From the Times' Danny Westneat, his take on some parents in Mill Creek and Snohomish who have decided their children will not be taking the state test. About 70 parents are participating and for one school, that includes 25% of students.
From his column:
They'll be in another room, doing art or science projects.
Parents have the right to opt their kids out of the tests. There's no punishment, though the kids get a zero. Handfuls have opted out over the years, often at alternative schools. A few years back a Seattle science teacher refused to give the test, saying it was harmful to students.
But state officials say parents have never pulled their kids on this large a scale.
"We're kind of shocked at the size of it," said Nathan Olson, spokesman for the state superintendent of public instruction. "No Child Left Behind is still the law of the land."
What's interesting is that the parents say the results don't have value to them and this is their protest against using scarce dollars for testing.
At Seattle Hill, class sizes have ballooned up to 29, even in some of the younger grades. Parent volunteers come in to teach art. The school has been shut down seven half-days and one full day this year for teacher furloughs.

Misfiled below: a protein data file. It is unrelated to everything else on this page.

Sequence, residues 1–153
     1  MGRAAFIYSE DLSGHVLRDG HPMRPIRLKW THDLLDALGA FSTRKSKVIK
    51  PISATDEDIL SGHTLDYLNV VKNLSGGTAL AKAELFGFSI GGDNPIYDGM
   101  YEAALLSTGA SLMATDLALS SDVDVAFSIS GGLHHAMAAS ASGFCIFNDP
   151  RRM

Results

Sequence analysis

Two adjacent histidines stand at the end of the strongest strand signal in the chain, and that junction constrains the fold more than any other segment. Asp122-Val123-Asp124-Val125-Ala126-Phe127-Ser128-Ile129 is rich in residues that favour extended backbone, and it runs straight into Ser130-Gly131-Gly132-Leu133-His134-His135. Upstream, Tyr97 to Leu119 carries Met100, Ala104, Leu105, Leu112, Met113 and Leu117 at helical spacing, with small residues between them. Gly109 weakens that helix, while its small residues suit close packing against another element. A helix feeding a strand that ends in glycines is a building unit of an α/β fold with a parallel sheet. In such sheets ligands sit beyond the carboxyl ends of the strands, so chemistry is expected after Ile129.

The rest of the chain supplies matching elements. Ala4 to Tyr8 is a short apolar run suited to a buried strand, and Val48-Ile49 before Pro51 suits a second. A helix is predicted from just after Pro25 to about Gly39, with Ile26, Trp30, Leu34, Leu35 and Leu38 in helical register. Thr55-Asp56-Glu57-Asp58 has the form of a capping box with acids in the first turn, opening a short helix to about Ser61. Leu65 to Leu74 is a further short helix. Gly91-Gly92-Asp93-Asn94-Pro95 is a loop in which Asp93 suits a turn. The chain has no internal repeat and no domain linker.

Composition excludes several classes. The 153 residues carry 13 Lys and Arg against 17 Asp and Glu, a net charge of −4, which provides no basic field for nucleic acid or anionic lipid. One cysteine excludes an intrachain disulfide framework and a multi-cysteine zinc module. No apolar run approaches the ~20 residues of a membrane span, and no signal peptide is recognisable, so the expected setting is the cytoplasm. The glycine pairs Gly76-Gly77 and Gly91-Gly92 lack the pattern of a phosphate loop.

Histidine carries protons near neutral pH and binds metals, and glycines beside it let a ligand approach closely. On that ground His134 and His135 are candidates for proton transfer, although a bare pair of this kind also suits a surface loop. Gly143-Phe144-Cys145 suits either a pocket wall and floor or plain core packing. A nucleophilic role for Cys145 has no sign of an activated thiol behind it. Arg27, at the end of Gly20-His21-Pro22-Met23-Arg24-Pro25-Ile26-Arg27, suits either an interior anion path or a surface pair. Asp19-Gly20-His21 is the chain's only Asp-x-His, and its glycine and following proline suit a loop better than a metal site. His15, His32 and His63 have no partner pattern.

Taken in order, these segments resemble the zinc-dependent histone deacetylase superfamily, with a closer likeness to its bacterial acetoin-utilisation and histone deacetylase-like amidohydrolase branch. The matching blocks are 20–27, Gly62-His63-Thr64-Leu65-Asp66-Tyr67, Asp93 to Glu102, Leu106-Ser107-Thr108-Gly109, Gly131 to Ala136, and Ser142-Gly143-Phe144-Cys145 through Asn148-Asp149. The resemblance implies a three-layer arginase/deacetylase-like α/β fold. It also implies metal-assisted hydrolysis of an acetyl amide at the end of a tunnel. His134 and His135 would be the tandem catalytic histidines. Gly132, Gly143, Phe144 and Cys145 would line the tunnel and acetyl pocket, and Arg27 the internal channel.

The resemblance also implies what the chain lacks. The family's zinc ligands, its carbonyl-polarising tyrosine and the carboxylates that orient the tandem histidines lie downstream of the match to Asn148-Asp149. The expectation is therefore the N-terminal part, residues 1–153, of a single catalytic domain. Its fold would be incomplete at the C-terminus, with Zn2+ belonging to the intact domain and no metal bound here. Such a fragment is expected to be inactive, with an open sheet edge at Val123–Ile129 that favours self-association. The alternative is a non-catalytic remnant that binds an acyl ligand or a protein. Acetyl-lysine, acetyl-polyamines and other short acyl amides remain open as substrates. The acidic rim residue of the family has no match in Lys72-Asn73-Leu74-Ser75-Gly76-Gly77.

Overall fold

"We're not against testing," Purcell said. "But in the context of all the budget-cutting, we're saying: Can we at least spend the money on a more useful test?"
SPS parents have talked about doing this - for various reasons - for years. The staff wants to not make up snow days but yes, the state test is vital.
Then there's the Times' article about the superintendent search where we learn that some people are unhappy about the superintendent search. Interesting quotes from Board members:
"I really want to be channeling everybody in the community as we make this decision," said one of the new members, Marty McLaren, of West Seattle. "But, you know, I am an elected representative and I feel like I do have some capacity to do that.
"There are people out there that aren't going to buy that," McLaren added. "And I regret that. But I respect it."
Peaslee did note she is conflicted about the process and will push for televising the focus-group interviews.